In his videos and movies, Prince embodied the sexual power of a ladies’ man while simultaneously embracing stereotypically feminine presentations of gender, most visibly through his love of makeup and high heels. In turn, he became a role model for queer and non-binary people, especially people of color. He destroyed stereotypes of what a non-white person could do, inspiring a younger generation of boundary-breaking artists that includes figures like Venezuelan producer Arca. He gave people who didn’t feel like they belong a prime seat at the table, and the confidence to strut their stuff. He was transgressive without being aggressive; his modus operandi wasn’t about breaking through, but breaking out as your true self.

Musically, it’s difficult to think of pop music without his impact. To this day, his exhilarating funky and catchy fusion of genres keeps informing popular music across the globe. Latin music is no exception, especially where deep grooves and shimmering synths meet. It’s undeniable that songs by icons like Soda Stereo, Café Tacvba, Illya Kuryaki and The Valderramas, and Fobia can be traced to the influence of His Purple Majesty. Most recently, his daring pop spirit can be found in the music of Helado Negro, Algodón Egipcio, and Dënver.

In Latin America, Prince was a cult icon, an artist that defied categorization and almost served as a litmus test for who was really down in the music world. He only played three shows in Latin America, all in 1991: Two dates at the second Rock In Rio in Brazil and a set at Argentina’s Rock & Pop festival at River Plate Stadium.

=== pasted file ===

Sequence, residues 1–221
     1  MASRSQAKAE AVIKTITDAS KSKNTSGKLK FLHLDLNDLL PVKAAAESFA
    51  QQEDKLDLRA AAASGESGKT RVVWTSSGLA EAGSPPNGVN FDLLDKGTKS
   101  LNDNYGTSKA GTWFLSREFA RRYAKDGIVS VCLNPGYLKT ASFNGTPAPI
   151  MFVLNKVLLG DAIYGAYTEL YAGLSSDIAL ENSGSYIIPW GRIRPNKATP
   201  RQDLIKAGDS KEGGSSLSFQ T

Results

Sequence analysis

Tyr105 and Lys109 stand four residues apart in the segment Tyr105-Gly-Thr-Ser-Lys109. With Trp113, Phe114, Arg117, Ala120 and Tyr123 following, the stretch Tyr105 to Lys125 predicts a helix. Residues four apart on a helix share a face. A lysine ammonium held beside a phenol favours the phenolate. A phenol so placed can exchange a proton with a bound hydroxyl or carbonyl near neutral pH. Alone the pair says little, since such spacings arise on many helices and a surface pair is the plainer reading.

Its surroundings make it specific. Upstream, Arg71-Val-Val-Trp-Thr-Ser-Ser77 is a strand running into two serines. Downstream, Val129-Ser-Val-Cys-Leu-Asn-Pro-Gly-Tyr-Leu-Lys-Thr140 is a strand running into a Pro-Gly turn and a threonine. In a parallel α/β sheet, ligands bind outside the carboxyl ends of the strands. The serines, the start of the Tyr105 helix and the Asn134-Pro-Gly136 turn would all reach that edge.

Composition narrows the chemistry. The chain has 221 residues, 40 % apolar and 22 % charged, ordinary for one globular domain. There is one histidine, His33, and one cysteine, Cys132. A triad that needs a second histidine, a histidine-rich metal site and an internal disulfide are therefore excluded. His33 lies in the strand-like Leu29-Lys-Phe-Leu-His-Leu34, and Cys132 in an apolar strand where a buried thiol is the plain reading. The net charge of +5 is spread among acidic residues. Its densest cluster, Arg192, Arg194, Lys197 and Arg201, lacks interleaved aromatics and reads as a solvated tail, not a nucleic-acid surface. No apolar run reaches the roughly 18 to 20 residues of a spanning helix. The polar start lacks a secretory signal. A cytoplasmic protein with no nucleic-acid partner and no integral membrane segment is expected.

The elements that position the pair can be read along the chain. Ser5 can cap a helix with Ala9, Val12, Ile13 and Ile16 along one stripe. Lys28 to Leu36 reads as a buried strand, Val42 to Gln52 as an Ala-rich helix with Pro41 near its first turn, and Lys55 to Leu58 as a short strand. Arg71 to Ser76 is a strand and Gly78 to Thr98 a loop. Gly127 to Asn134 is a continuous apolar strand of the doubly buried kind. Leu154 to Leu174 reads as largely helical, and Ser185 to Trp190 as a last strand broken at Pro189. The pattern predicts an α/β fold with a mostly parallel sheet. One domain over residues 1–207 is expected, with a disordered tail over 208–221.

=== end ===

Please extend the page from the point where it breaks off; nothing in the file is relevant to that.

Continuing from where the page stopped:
These performances are as mythical as most things Prince ever did; his rider for Rock In Rio included 200 towels that wound up being tossed into the crowd, a request for his dressing room to be painted purple and a request for a white grand piano to be placed in his hotel room. The late Luis Alberto Spinetta witnessed his soundcheck for the Argentina show in the empty stadium, and later testified that it drove him absolutely crazy; the show fell short by many concertgoers’ standards, but included high points like a piano rendition of “Nothing Compares 2 U.” Rumors were circulating that Prince was set to tour in Chile for the latter half of 2016.

Prince destroyed stereotypes of what a non-white person could do.

We look up to people who are head and shoulders above their peers, who singlehandedly overcome odds and obstacles to become successful, yet often, those people are expected to follow a cut-and-dried path to fame. Prince never considered taking the road he was supposed to take. He fought fiercely and publicly to be his own person, to live life on his own terms. He showed us that perhaps what we have been told is not always the truth. He brought the spirit of punk to the mainstream. He preached freedom and compromise, self-love and discovery, asking us to make the best of art and life. Prince embraced his eccentricities, but his humanism shone brighter because of it. He taught us lessons while he tried to seduce us, and did so with joy and flamboyance. For this, we’ll remember him as the one and only Purple Majesty.